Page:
Wednesday, 8 February 2012


Everyone remembers Waldstein because he chose to patronize a great composer, Beethoven, who then named a rather nice Sonata for his patron. I doubt Count Waldstein would have made Wikipedia a hundred and eighty years after his death if he hadn't chosen to sponsor Beethoven.

Where copyright is the business model, illicit copies get stomped on because some small fraction of those copies might represent displaced sales. Under a patronage model, the greater the distribution of the work, the greater the fame and approbation accruing to the sponsor.

And so we find General Motors providing free MP3 downloads of their sponsored work: OK Go's genius new song, Needing/Getting. But for some insane reason (maybe because the car isn't yet here on sale?), they're not allowing downloads in New Zealand. But that's ok. The YouTube video has to be better. Here it is.

And here's the best analysis I've yet seen on both the video and OK Go's shift from copyright to patronage: from Car & Driver Magazine.
Some rock artistes would recoil at being known as “the treadmill band,” but it doesn’t seem to bother Kulash. “Every band has songs. Not every band has videos like this,” or, indeed, a music-industry backstory like this. It involves OK Go divorcing its big transnational record label—EMI—in 2010, starting its own label, and joining the great media democratization movement on the internet.

Since the separation, OK Go has pretty much done as it pleases artistically, distributing it all free at sites such as YouTube, one of the Tahrir Squares of the music-industry revolution, while relentlessly touring and partnering with corporate sponsors to pay the bills.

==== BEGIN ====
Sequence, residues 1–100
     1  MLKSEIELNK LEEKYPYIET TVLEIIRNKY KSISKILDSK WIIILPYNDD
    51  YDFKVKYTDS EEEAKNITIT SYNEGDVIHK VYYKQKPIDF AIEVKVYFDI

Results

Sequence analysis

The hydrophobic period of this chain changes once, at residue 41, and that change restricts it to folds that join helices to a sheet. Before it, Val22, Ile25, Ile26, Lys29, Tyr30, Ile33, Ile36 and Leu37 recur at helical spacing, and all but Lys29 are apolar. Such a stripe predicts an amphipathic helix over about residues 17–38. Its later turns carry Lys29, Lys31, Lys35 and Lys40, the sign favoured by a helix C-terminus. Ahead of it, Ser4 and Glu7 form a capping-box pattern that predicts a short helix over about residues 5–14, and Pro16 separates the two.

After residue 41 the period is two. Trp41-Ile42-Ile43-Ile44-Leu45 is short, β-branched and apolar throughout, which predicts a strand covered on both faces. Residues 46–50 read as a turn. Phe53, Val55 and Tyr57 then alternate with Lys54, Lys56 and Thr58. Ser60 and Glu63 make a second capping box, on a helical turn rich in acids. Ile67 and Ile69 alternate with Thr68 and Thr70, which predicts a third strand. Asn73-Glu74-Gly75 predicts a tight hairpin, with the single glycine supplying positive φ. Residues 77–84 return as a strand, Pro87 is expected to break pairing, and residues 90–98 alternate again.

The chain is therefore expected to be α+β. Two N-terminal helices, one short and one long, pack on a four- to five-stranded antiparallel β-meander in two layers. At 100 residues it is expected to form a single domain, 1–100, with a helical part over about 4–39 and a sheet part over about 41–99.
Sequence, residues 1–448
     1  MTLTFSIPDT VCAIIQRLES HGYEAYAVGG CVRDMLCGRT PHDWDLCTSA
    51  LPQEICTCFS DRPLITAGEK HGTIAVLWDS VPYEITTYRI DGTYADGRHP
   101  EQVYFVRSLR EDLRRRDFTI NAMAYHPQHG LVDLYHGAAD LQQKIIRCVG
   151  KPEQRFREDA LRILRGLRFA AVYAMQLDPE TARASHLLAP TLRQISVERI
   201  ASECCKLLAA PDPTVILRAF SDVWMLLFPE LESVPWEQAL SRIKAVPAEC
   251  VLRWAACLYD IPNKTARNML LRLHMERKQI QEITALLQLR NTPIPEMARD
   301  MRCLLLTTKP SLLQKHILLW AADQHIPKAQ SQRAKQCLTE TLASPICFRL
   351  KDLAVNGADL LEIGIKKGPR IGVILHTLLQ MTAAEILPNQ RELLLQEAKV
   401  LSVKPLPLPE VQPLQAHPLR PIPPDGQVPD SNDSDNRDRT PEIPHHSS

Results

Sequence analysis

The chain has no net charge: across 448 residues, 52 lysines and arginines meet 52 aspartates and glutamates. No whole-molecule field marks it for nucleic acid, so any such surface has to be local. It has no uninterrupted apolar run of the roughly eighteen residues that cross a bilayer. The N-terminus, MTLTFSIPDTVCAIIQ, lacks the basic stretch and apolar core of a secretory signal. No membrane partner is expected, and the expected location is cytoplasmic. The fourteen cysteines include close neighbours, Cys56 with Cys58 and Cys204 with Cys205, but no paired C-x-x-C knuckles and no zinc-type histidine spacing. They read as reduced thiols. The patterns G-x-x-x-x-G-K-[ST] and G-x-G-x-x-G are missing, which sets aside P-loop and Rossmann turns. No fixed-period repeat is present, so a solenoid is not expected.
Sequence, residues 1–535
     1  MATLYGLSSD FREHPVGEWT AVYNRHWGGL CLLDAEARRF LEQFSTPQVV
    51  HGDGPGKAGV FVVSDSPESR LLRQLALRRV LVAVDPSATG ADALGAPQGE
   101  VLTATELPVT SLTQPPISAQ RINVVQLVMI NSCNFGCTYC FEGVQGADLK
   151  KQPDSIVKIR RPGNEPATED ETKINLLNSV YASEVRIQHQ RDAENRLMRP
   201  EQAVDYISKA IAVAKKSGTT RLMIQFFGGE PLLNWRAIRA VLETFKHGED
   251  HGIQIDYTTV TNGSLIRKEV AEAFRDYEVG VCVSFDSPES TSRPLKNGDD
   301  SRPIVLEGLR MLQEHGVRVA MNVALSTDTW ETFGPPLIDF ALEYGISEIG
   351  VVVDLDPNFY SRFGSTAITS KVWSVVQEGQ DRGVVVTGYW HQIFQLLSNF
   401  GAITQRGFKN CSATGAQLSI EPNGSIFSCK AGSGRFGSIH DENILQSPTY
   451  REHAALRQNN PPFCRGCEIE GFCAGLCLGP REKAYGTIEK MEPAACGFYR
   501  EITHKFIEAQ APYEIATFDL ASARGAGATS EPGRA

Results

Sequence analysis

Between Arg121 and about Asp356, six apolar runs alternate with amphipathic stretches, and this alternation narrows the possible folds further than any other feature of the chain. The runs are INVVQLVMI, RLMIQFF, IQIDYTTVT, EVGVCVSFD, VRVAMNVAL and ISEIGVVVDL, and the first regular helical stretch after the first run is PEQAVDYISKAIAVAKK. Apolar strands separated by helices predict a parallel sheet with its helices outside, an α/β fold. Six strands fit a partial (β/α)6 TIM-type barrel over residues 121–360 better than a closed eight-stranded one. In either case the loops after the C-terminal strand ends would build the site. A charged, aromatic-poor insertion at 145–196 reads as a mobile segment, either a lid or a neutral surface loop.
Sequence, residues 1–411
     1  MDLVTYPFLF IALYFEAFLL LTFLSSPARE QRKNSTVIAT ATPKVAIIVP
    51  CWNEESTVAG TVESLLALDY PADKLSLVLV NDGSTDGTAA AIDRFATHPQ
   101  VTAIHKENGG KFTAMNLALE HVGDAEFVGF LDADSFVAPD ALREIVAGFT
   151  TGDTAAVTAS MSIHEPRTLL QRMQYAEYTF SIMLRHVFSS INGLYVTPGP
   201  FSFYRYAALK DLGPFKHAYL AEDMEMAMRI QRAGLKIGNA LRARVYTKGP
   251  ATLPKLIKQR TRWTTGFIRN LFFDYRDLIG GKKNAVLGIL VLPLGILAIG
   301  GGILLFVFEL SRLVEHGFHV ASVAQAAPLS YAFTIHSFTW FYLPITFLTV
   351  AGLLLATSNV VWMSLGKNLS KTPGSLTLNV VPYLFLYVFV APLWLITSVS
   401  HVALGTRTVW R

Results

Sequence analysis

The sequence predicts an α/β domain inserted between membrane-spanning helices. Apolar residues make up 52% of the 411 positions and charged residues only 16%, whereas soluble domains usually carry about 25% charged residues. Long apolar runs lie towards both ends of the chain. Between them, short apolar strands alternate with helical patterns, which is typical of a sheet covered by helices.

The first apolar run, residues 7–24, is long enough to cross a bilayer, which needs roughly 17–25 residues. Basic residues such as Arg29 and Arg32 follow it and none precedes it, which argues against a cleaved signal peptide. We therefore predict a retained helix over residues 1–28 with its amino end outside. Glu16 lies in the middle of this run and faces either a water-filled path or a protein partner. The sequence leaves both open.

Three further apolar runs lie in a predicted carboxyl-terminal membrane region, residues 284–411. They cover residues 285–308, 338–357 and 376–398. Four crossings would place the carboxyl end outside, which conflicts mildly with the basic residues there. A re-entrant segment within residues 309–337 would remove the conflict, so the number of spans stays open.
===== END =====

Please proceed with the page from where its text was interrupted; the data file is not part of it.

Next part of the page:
Proving that Brown University doesn’t hand out degrees to just anybody, the lanky, Mick Jagger–like Kulash is a manic thinker. His speech is so flushed with philosophical abstractions and conceptual idealism that it all keeps collapsing on itself as he works to convey everything at once. To wit: “The good side from a creativity and productivity standpoint is that we don’t have to abide by any of the—not only the rules but the definition of what last century or last decade, you know, what a musician does doesn’t have to only be to make recordings, it isn’t to make a seven-inch, 45-rpm piece of plastic, you know?”

The essential point is that OK Go peddles not singles or albums but audiovisual art intended to create “joy and wonder and surprise,” as he puts it. Corporations want to be involved, and that doesn’t bother Kulash, either. “If you want to spend your day making stuff, somebody is going to have to help you pay for it.” So far, Land Rover, Samsung, and State Farm Insurance have all paid to play along. “The crazier our ideas, the more likely we are to have interest” from sponsors, says Kulash.

Ideas such as figuring out how to make music with a car.

The original concept for “Needing/Getting” grew out of a 2010 video for the song, “This Too Shall Pass.” In it, the so-called Rube Goldberg video, the band sings off a soundtrack while dominoes topple, balls and tires roll, umbrellas fly, TVs smash, and paint splatters in one continuous 3-minute 54-second take, all of which was underwritten by State Farm (look closely for the logos).
Some of the most innovative music is currently being made well outside of the traditional copyright funding model. Industry sponsorship is making content more creative.

Watch the video and hit the link above to see how they did it. Ridiculously fun.

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